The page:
Simcha Fisher reports on a bizarre and abusive children’s book

Simcha Fisher reports on a bizarre and abusive children’s book February 13, 2020

It’s called The Seed Who Was Afraid to be Planted and is, by some crazy random happenstance, authored by Anthony DeStefano (Frank Pavone’s right hand man at Priests for Life) and published by Sophia Institute Press (which gave the world the fear-mongering conspiracy theories of Taylor Marshall’s nutty Infiltration).  It’s endorsed by a bunch of Trumpian types who have spent years cheering for and defending the infliction of traumatic horrors on children at the border and in poor homes, so they are really staying on message:

This sounds sick as hell to me:

This story places childhood abuse and neglect in the center of its theme. A small defenseless being is repeatedly traumatized by seeing loved ones ‘disappeared’ “…and no one would see that seed anymore.” Then the following stanzas speak of anticipatory trauma that he too will be taken away.

The fearful day comes, he can’t escape, and the man’s hand clasped around him. No matter how the seed cried and yelled, he was taken from a secure and loving environment to one of “horror”, “pain”, and “agony.”

The man that took him away was silent and unresponsive to the pleading seed, buried him alive, and left him abandoned.

That’s a lot for a young child to process, and nearly impossible for one—of any age—that is abused.

The pictures are dramatic and gripping, and the dark subject matter contrasts weirdly with the cartoonish faces and font:

Here is the seed, weeping after being abruptly buried alive:

The seed does, of course, come out well in the end, and it becomes a home for birds and animals; children play around it, and it bears much (confusingly diverse) fruit while overlooking a prosperous paradisal landscape with “millions of mansions.”

But this happy ending doesn’t do the job it imagines it does. Realy points out that, while the story attempts to show that the seed’s fears were unfounded and it would be better if he had trusted the farmer, it doesn’t show any of that in progress. Realy said:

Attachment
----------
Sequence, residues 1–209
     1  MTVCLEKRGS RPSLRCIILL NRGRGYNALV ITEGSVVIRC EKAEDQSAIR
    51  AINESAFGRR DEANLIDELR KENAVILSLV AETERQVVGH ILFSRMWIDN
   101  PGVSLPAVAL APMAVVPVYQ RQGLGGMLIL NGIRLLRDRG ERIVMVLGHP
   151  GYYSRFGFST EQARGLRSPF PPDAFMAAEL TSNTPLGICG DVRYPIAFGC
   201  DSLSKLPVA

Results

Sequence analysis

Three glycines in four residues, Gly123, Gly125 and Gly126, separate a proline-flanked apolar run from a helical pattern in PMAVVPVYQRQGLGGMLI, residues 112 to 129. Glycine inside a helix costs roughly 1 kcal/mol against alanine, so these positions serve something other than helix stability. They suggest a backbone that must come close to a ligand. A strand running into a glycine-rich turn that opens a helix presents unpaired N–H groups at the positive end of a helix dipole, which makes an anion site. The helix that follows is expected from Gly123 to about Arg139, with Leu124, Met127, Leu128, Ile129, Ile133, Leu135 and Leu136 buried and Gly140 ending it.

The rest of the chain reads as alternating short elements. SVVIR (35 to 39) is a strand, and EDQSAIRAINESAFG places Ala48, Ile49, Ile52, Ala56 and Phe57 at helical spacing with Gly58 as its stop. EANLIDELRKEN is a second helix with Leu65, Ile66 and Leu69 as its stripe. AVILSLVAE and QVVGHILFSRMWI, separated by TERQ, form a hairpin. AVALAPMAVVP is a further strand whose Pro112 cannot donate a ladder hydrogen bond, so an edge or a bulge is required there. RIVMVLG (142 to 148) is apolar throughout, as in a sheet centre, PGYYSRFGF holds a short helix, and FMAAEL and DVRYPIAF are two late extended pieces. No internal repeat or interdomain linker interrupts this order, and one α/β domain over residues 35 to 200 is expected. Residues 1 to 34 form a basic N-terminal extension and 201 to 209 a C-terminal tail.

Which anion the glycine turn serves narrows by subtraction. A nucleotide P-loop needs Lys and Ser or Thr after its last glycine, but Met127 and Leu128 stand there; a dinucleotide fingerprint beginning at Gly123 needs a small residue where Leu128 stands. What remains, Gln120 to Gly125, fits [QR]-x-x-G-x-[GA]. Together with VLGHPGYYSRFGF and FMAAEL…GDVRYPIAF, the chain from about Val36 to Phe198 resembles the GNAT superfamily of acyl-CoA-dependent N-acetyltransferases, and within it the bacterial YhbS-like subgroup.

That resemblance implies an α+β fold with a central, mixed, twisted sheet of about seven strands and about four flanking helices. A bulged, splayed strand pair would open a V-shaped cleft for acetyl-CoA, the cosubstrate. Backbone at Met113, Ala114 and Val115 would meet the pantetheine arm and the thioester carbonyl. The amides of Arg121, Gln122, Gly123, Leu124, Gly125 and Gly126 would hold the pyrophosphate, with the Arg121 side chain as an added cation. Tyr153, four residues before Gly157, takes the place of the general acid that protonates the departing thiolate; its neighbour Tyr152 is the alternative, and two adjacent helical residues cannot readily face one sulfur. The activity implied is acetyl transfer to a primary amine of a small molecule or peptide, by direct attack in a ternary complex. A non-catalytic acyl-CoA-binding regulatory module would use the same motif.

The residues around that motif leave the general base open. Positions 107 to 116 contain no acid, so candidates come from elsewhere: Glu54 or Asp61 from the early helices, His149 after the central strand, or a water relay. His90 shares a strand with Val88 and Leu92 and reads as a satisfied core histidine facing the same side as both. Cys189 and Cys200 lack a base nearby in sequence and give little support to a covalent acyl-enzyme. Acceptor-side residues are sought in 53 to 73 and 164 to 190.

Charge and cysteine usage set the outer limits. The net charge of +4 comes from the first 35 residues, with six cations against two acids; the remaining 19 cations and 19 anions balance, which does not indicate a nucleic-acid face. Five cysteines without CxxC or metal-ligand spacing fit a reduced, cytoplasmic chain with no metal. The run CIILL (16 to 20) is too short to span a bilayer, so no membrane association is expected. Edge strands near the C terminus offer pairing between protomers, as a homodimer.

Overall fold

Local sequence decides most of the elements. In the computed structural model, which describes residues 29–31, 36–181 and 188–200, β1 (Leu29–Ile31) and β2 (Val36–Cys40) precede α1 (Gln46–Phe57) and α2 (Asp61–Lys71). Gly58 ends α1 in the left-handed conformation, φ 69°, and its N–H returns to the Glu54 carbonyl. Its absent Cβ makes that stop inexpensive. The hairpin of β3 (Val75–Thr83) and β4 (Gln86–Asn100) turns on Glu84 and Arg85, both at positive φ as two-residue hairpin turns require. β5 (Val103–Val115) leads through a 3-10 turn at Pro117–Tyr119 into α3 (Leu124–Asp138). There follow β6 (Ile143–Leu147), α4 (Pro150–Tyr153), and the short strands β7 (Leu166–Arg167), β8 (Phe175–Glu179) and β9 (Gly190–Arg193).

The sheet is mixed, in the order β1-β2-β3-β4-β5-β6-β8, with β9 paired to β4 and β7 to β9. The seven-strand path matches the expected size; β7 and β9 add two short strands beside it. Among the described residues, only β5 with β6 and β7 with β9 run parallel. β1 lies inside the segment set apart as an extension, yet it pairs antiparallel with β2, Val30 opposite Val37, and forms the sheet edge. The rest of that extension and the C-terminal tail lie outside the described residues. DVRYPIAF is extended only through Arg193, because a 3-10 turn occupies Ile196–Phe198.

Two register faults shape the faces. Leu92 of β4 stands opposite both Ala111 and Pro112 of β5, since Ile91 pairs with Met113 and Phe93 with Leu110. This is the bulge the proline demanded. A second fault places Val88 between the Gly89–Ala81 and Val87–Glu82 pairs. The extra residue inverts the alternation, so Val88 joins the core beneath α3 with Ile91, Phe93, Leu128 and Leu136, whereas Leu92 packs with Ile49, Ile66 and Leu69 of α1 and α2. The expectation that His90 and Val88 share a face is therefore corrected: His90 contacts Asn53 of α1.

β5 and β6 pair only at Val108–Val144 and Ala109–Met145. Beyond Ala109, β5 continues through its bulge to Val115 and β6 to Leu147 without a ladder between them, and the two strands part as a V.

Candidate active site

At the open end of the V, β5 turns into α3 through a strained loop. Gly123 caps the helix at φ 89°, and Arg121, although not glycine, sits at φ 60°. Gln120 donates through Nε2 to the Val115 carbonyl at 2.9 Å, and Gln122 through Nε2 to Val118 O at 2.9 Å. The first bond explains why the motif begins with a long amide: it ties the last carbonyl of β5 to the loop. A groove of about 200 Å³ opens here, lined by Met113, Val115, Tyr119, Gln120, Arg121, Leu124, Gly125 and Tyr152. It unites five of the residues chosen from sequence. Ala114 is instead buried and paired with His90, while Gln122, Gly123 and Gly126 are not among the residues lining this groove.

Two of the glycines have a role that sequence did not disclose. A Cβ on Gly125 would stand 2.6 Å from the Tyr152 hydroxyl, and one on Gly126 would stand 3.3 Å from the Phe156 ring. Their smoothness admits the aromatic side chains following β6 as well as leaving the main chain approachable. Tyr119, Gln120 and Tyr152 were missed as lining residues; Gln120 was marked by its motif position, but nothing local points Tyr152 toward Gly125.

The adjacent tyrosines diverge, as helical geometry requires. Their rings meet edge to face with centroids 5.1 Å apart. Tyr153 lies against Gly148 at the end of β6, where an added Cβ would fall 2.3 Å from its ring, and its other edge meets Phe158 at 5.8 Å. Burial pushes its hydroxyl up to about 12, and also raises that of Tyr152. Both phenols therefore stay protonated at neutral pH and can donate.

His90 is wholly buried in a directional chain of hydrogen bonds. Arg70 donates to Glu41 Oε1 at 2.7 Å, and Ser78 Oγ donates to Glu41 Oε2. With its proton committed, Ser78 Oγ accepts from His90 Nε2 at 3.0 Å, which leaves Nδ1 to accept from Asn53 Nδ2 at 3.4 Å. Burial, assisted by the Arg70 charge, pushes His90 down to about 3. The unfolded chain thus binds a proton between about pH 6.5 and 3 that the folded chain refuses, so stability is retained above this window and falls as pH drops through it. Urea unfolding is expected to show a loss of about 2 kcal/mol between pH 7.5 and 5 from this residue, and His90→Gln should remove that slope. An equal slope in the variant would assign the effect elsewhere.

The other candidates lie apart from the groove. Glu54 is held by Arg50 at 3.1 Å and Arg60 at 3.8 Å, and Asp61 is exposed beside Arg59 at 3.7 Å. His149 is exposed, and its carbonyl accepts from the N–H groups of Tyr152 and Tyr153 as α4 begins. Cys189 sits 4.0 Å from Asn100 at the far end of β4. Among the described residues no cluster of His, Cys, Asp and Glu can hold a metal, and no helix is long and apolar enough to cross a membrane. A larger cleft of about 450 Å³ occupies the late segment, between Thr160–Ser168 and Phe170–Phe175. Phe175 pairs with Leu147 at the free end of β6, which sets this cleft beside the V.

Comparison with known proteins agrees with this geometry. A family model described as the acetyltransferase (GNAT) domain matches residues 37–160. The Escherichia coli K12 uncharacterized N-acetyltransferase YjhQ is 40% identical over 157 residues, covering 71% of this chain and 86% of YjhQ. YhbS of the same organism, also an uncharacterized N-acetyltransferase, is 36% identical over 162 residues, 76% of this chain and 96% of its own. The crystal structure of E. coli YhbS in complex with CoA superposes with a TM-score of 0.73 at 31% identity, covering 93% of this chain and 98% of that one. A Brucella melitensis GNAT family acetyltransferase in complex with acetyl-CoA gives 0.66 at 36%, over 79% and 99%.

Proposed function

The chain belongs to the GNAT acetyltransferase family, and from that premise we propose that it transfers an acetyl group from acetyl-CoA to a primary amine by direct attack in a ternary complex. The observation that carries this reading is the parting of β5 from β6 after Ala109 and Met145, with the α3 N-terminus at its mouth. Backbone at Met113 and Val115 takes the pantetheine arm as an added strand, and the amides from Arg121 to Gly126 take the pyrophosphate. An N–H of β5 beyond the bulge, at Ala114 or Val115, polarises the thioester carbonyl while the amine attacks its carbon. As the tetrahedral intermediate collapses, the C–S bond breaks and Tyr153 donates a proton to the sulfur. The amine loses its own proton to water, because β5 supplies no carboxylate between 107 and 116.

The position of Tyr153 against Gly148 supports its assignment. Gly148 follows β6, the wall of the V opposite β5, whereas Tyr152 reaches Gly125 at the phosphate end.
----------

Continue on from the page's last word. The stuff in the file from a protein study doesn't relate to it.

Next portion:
Unfortunately I find the story’s transitioning through fear of the unknown into transformation by Grace, weak. The ‘seed’ began to change without any indication of the Creator’s hand, and his terrified soul was not comforted or encouraged by human or Holy.

Instead, it simply shows him transforming “all at once, in the blink of an eye”

This might have been a good place to point out that a seed grows when it’s nourished by a farmer, and to illustrate what appropriate care and concern  actually look like. The Old and New Testament are absolutely loaded with references to God’s tenderness, kindness, mercy, love, care, pity, and even affection; but this book includes none of that, and instead skips seamlessly from terror and abandonment to prosperous new life.

It explicitly portrays God (or his nearest representative in a child’s life) as huge, terrifying, silent, and insensible and unresponsive to terror and agony — and also inexplicably worthy of unquestioning trust.

Realy points out:

Research indicates that up to 25% of children in the United States are abused, and of that 80% of those children are five and under (Childhelp: Child Abuse Statistics Facts. Accessed December 2019). This is based on only reported cases.

That’s a lot of kids.

Imagine a child who has been taken from a place of comfort, happiness, and companionship and is thrust into darkness and isolation by a looming, all-powerful figure who silently ignores their terror and buries them alive.

Now imagine what this book tells that child to think about himself, and what it tells him to think about God. Imagine how useful this book would be to someone who wants to continue to abuse, and who wants his victim to believe that what is happening to him is normal and healthy and will bear fruit.

It is ghastly.

Do read the rest here.

I am reminded of my Evangelical days, when there was an urban legend, circulated as fact by people who got their knowledge of Scripture from urban legends, that “Shepherds in the Middle East break the legs of straying lambs and carry them home to teach them not to stray.  It’s how God shows us his tender love.”  There is no basis for this legend other than a pretty creepy need for control and domination in the subculture.  Now, as we discussed recently in this space, that culture has thoroughly leeched into American conservative Catholicism, giving us this abomination with the full approval of the real Magisterium that subculture heeds: some Republican talking heads, some Evangelical folk heros (often the same people) and the voice of the National Catholic Register.

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